Taken from the bottom of Well Lane, the large building in the centre of the photograph is Brinscall Railway Station. Some freight wagons are visible to the right of the buildings. The Regal cinema is the white building (see above for more info
© www.white-coppice.co.uk 2016         
BRINSCALL STATION
543 feet above sea level, Brinscall Station was the highest point on the Chorley - Blackburn railway line. It was also probably the busiest in terms of passengers and goods. The line had originally been built to move coal from Wigan to Blackburn and East Lancs, however, Brinscall became a focal point for more than just coal. It was a centre for goods such as milk, livestock and other agricultural items. It also had industries close by so items such as textiles, bricks and  quarry produce were handled too. The  goods yard was situated off Railway Road around 150 yards north of the station.
Passengers
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In the early 1920s there were 14 weekday passenger trains each way calling at Brinscall, and 16 on Saturdays. All were destined for Blackburn to the north and Chorley or Wigan to the south. Today nothing remains of the station, for when the Railway trail was built the embankment on which the station stood was removed. So if you ever walk the path from School Lane, pause and think of the trains that used to run on tracks 20 feet above you! As to the Goods yard, a very small wall that formed the entry gates remain (on Railway Rd).  
c1900 This view looking up School Lane from the corner with Railway Road. The railway bridge is clearly visible. The station was to the right of the bridge. Trains to Blackburn would come from the left. The shop and house to the right was converted into a cinema called The Regal around 1920 by a Mr Jimmy Beaver. It lasted into the 1950s. it was demolished thereafter, and after being waste ground for a while it was converted into a small car park, which is still there to this day.  
The photo to the right was taken c1948 by Jim Lancaster  The hoardings on the wall are advertising the films 'The Fatal Night' and 'Noose' staring Carole Landis. Both films were released in 1948.  Click here for Memories of the Regal and here for Memories of Brinscall  Also well worth a listen is Memories of The Regal on Soundcloud
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Taken from a slightly different angle, this view shows a little more detail of the bridge and the street. In the early days of photography, word got round if a camera was in the area and everyone came out to have a look - as happened here by the looks of it!. Note he horse beyond the bridge. The shop on the left is a fish and chip shop now
A cold winter’s day at Brinscall Station c1900  This photo is looking north, with the Blackburn platform to the left and the Chorley platform on the right. The steps coming up from Railway Road are between the main building and the small waiting room where the railway personnel are stood.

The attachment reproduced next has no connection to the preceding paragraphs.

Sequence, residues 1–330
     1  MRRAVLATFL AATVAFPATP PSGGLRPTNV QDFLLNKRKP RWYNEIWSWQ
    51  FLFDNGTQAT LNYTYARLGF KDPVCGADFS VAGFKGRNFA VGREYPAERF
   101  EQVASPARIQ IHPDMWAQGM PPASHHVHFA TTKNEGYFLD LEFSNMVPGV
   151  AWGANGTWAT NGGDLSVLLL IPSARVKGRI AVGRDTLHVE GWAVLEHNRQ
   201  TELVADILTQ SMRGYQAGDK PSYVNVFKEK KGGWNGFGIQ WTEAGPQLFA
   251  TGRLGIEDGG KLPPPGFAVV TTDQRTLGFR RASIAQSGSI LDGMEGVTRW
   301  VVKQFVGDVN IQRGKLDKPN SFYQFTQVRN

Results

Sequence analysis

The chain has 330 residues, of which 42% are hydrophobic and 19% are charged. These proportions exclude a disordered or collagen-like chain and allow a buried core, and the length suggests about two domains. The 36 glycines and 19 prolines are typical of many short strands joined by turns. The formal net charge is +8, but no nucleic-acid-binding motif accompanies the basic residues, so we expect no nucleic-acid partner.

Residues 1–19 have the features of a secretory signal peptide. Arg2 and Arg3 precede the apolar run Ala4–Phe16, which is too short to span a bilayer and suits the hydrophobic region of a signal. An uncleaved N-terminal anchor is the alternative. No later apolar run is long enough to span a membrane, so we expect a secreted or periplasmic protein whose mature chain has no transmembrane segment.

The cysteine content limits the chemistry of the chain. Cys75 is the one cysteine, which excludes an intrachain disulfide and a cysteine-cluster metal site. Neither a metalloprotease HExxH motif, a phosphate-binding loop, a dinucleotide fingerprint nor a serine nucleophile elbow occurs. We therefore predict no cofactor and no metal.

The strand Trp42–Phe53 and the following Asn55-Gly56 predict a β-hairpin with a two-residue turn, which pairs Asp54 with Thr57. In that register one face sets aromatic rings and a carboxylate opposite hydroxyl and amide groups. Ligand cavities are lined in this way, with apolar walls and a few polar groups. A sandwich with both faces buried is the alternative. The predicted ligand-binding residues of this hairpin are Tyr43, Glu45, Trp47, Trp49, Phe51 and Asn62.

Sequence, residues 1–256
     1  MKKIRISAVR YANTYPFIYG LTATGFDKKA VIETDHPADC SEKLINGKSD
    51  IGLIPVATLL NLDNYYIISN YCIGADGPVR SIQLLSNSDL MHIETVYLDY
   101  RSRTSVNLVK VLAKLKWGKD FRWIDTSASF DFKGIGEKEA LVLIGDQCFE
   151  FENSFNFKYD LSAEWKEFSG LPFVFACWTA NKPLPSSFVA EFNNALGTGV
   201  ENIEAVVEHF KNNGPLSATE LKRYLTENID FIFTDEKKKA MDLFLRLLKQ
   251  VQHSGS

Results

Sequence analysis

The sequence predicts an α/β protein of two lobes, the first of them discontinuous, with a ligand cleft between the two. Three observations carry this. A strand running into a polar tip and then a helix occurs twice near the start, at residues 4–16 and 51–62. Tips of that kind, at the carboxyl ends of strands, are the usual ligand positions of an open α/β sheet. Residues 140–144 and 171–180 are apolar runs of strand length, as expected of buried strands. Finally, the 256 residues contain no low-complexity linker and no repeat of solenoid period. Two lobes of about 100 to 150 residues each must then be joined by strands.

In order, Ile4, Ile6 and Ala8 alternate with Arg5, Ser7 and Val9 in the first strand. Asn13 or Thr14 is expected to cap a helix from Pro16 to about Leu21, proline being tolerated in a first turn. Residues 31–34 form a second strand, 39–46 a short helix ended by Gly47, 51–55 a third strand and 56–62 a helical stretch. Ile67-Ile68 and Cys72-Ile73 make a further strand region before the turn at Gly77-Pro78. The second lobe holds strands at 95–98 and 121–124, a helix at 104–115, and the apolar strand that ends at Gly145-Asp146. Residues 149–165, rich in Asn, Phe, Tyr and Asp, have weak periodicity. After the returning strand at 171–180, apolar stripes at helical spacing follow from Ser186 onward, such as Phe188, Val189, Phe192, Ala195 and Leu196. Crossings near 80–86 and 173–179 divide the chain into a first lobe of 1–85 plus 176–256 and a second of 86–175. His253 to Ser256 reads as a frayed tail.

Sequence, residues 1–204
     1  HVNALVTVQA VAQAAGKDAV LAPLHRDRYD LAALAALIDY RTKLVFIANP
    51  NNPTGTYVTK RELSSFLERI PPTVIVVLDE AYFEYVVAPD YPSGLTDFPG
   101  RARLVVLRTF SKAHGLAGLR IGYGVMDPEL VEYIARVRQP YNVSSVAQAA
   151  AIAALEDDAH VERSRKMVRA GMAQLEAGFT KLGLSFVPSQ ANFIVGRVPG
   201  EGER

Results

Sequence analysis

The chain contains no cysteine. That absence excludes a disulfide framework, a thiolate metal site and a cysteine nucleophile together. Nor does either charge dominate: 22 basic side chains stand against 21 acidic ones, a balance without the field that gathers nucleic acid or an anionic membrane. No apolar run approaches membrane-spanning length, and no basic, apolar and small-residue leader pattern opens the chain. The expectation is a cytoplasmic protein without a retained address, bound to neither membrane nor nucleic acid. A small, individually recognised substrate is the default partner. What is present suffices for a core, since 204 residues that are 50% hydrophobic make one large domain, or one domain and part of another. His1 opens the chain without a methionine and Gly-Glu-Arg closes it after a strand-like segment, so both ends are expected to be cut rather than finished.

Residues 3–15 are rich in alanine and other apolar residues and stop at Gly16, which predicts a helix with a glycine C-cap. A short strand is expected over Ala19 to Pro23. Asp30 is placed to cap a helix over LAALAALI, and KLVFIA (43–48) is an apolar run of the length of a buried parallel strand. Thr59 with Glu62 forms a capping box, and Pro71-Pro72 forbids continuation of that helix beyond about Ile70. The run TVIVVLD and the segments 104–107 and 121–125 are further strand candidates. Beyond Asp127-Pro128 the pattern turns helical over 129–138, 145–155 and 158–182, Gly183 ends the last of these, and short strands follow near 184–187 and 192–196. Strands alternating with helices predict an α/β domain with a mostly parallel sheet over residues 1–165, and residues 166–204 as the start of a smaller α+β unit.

This photo was taken on 11th April 1957 by HC Casserley from the window of a Blackburn bound train. This photo is at least 57 years later than the previous photo and there are many changes. The waiting room has gone, the signal at the end of the platform has gone and the “Brinscall” sign has moved. However, in both photos there’s a goods wagon in the siding at the end of the platform and obviously still being used as two men are working in it. One last thing to note is the quarry to the right of the main building - still in use to this day  
(© RM Casserley)
This photo, taken sometime between the two above clearly shows the gate giving acces to the steps down to Railway Road. There’s notices on the board and the cabin has been removed
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This is the only photo I have with a view looking south, with the rooftops of School Lane, Brinscall beyond. The 2nd and 3rd coaches are on the bridge above School Lane. This engine is a  Stanier 2-6-4t No 42632 and it was based at Wigan (27D) in the late1950’s, so this was a common route for it.
The railway through Brinscall was on an embankment for the most part. It began near Brinscall Hall and got higher as it ran parallel with Lodge Bank. It crossed School Lane some 20 feet above on a stone and iron bridge. 150 feet beyond the bridge, and also built on the embankment stood Brinscall Station. Three paths  gave passengers access to the station. There were two sloping paths from School Lane leading up to either platform, and there was also a path from Railway Road, which culminated in a sharp climb up some steps to the platform. Vehicle (and before that horse and carriage) access was by means of the Goods entrance where a driveway did a sweeping curve to the northern end of the Chorley platform  (see map). As was the case at all four stations the main buildings were on the Chorley bound platform and there was a stone built shelter on the Blackburn bound platform. Brinscall was however the only station on the line that was single tier, possibly because it was built on a man made embankment.